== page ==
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D-Day 70: A soldier’s tale

Paul and Bill Cheall ANL-140206-133214001

Paul and Bill Cheall ANL-140206-133214001

A soldier’s harrowing account of being in the first wave of troops to land on Gold Beach on D-Day -exactly 70 years ago today - has been preserved for future generations.

The late Bill Cheall’s eye witness account has been published by his son Paul through Pen and Sword. His father’s memoirs cover the whole of the Second World War, from Dunkirk to North Africa, Sicily, D-Day and Hamburg.

Bill Cheall retired to Balsham nearly 30 years ago where his widow Anne, 92, still lives. He died in 1999.

The Yorkshireman served with the Green Howards, first as a private and going on to be a lance corporal. Like Ron Mayes, he was wounded in Normandy and evacuated.

His memoir serves as a valuable record of the war.

An extract says: “There were thousands of ships of all sizes and, standing out like huge sentinels, the mighty war ships (in fact, almost seven thousand in all). It was such a vast undertaking that nobody, not even the participants who were part of it, could describe the invasion as vividly as we saw it happen. It would never be seen again in our lifetime. If the British people could have seen it they would have been very proud.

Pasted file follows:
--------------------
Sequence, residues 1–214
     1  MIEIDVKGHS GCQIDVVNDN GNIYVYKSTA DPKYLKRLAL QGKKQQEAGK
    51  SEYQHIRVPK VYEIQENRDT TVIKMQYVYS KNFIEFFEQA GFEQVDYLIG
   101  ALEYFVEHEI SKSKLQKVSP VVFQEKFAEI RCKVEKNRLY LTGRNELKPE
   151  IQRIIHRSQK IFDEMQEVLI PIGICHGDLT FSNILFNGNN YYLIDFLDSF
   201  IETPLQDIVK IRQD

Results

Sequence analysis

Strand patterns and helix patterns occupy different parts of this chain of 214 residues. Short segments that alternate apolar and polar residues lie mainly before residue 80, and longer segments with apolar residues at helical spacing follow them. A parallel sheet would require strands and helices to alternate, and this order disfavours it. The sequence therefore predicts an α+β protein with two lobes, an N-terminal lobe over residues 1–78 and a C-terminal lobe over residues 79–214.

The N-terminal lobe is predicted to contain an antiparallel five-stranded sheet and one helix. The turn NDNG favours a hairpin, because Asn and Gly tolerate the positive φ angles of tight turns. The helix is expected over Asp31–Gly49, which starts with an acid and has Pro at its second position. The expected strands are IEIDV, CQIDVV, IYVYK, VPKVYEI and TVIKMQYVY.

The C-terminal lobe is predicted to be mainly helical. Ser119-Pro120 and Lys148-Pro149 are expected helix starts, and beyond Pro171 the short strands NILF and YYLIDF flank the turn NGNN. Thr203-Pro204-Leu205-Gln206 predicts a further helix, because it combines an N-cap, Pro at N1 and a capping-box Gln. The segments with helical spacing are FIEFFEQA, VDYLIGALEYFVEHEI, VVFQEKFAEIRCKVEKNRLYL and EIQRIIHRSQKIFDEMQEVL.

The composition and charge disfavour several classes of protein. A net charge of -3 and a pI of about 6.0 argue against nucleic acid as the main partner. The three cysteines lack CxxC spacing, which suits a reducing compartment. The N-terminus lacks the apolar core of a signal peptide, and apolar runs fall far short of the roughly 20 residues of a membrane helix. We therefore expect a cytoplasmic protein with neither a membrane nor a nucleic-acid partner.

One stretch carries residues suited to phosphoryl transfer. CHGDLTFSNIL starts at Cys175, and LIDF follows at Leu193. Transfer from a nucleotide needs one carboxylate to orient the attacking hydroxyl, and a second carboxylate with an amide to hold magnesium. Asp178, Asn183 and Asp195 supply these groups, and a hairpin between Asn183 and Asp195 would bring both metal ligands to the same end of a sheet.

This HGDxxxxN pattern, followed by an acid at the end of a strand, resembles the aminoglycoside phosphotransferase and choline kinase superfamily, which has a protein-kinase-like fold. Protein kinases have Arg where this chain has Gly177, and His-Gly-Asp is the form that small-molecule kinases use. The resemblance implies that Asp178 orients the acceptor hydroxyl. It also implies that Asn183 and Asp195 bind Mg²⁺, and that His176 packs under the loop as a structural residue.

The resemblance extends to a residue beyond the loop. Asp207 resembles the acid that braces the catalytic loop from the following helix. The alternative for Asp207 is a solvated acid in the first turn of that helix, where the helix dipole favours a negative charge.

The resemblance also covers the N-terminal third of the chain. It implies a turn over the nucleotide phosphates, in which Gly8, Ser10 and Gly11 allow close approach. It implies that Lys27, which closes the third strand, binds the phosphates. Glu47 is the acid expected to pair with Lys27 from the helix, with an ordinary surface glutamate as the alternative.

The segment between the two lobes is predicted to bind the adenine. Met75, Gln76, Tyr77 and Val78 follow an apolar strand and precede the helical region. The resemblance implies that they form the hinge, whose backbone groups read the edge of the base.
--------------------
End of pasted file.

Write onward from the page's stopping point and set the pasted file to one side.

“The sky seemed to be full of planes – bombers, Hurricanes, Spitfires and others I did not recognise; hundreds of them going towards our target for the day. With the continuous barrage of the battleships’ huge guns and the drone of never ending streams of aircraft, the noise was deafening. How could the enemy in their wildest dreams have imagined what the Allies would be able to assemble for this day, the day of retribution for the vile sins which had been perpetrated in the name of the Third Reich?

“When a soldier is going into action, it is not a time to think of the past, or the future. The present is the thing that is uppermost in his thoughts; what is happening now; today is all that matters and God willing there would be another time for his tomorrow. The probability of death does not come into the equation. Get on with the job.”

His account tells of explosions lifting bodies and enemy machine gunners firing.

On the eve of the D-Day 70 year commemorations, Paul Cheall said he realised a few years ago that his father’s memoirs should be published.

“The more I have read the more phenomenally proud of him I have become,” he said. “I wish he was alive today and there are so many questions I would ask.”

 

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